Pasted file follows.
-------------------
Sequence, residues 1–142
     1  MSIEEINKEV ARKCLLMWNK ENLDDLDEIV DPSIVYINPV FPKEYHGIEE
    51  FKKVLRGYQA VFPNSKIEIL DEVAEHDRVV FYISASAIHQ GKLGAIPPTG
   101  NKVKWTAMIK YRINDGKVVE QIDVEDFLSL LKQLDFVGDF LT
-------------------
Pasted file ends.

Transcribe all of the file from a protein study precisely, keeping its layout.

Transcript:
Sequence, residues 1–142
     1  MSIEEINKEV ARKCLLMWNK ENLDDLDEIV DPSIVYINPV FPKEYHGIEE
    51  FKKVLRGYQA VFPNSKIEIL DEVAEHDRVV FYISASAIHQ GKLGAIPPTG
   101  NKVKWTAMIK YRINDGKVVE QIDVEDFLSL LKQLDFVGDF LT